My calendar tells me we’ve just completed the 7th week of Covid-style separation and I can’t say that I can quite tell you where the time has gone. I’ve settled into a nicely unstructured lifestyle, working on my newly developed sourdough bread making skills, Zoom- and 6 ft-visiting with close friends, doing some tidying and organizing in my studio, sewing a couple of scrub caps for a daughter and working on a new quilt design. In between those things I’ve met LOTS of new stitchers who are coming for supplies for making masks and I’ve helped my regular customers with curb-side selections and purchases of quilting fabrics! Turns out 7 weeks can go by quickly.
So what’s the good news/bad news? With the cancellation of this spring’s show season, my carefully constructed retirement plan has hit a snag. All that fabric that was to have been sold at shows is still with me… you know, life is what happens while you had other plans! Which means my business will be here for at least the remainder of this year while I sort out an alternate exit strategy.
Mask making information
All quilters know that batik will produce the greatest barrier to entry of any cotton due to the tightness of the weave, but what I didn’t know was whether it was possible to make a mask that actually does much good. So I was very pleased to discover this recently published article on the filtration rates of masks made with different types of materials. https://pubs.acs.org/doi/10.1021/acsnano.0c03252
One point they make is that the best masks have two types of filtration — mechanical and electrostatic. The second very important point is that it is possible to make a home made mask that actually equals the N95 filtration levels. Which brings us to the third very important point: all is for naught if there are spaces between the face and the edge of the mask… so fit is crucial if you actually want a mask that does something rather than just look like a mask. Spaces between the mask and face cause the mask to lose 60% of its filtration capability.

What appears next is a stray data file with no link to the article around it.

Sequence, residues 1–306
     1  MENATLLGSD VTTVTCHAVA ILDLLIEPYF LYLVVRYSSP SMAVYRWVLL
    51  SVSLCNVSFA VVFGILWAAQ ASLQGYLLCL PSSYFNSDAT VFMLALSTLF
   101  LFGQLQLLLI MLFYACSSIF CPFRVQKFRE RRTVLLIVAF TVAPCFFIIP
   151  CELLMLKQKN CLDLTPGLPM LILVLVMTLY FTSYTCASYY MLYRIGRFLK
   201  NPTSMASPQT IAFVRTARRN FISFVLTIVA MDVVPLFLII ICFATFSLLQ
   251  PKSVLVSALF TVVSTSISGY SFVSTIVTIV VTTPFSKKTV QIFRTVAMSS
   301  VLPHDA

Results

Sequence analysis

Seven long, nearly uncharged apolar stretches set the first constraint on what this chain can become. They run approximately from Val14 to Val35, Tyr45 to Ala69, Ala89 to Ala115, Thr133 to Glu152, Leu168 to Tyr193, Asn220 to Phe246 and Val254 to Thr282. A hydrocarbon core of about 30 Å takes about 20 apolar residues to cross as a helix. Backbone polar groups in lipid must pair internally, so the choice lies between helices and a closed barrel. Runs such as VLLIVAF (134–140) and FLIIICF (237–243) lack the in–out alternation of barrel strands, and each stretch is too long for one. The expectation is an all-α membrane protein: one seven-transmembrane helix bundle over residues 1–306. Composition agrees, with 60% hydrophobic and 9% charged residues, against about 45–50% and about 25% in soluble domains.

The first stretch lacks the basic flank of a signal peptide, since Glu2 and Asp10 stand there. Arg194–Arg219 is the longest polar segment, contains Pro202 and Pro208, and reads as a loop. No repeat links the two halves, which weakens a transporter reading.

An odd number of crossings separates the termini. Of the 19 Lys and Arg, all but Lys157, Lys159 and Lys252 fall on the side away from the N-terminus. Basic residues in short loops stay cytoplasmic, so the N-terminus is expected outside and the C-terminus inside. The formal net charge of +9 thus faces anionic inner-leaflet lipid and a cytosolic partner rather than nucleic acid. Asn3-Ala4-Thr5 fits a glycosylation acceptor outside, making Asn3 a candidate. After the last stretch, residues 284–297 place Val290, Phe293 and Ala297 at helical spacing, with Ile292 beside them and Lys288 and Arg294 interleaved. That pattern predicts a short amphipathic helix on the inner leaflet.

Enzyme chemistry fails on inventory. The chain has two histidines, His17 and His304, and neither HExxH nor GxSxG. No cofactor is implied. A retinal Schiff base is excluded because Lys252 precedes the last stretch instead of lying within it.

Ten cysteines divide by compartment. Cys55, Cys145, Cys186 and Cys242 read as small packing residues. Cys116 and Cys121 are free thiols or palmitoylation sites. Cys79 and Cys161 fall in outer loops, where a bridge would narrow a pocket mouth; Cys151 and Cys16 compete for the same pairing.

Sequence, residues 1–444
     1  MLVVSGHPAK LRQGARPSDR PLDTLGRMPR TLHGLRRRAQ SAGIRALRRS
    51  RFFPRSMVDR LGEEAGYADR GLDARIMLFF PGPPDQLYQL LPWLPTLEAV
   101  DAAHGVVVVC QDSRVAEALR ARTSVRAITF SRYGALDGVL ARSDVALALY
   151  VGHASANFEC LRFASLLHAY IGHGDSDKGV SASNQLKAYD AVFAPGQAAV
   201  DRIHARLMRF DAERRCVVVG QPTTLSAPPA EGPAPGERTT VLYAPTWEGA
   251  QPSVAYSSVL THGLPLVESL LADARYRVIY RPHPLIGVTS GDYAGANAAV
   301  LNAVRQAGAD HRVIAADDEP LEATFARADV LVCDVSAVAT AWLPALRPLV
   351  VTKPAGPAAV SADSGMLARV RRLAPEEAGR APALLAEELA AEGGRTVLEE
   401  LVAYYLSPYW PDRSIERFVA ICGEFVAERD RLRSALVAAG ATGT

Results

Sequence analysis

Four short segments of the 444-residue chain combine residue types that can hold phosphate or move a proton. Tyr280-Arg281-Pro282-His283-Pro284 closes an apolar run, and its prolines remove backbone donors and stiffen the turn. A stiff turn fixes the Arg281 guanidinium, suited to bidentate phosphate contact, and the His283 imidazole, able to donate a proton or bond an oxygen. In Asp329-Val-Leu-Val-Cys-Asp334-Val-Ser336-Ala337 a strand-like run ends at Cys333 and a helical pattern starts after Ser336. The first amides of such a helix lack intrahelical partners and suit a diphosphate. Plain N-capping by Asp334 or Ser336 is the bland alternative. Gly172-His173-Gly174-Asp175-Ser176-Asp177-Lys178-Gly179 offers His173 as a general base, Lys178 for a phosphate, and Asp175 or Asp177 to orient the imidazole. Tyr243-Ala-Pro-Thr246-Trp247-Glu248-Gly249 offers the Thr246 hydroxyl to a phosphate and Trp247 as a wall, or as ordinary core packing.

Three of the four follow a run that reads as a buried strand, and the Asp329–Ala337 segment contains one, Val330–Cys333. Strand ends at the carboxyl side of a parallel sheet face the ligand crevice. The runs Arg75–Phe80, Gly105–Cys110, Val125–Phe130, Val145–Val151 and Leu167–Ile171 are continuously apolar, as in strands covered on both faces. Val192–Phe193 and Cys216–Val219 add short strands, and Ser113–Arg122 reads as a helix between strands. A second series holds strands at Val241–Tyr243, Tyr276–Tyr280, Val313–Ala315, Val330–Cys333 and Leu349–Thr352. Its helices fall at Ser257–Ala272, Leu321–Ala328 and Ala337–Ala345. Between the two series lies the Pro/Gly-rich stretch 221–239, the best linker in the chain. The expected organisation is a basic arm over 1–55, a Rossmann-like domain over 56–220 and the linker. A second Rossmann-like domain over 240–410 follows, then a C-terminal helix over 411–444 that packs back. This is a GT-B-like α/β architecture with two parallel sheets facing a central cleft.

Several materials are recommended for electrostatic filtration, including silk and polyester. It occurred to me that scraps of silk batting would be perfect because it has both silk fibres and a fine polyester scrim (mesh) into which the silk fibres are punched. I’m going to try that in a mask and see if it is too cumbersome or if it is comfortable. Over to you now to try the materials suggested and, if you don’t mind, please let me know what ideas you come up with for the electrostatic material in your masks.
A quilt show video
Alison Rice, a member of the Vancouver Quilt Guild, posted a link to this wonderful video show of a display of quilts made by an African American woman, born in the late 1930’s, who produced her quilts using a pseudonym Rosie Lee Tompkins. The work is reminiscent of the Gees Bend quilters and also the work of Molly Upton. Here’s the link to the virtual show: https://bampfa.org/rosie-lee-tompkins-slideshow
And if you were interested in my reference to Molly Upton, here’s more information about this amazing woman.
Finally some pretty fabric photos
My daughter really liked a rayon/linen fabric from Japan and so Susan was good enough to make one of the Schoolhouse tunics for Kate… it looks great: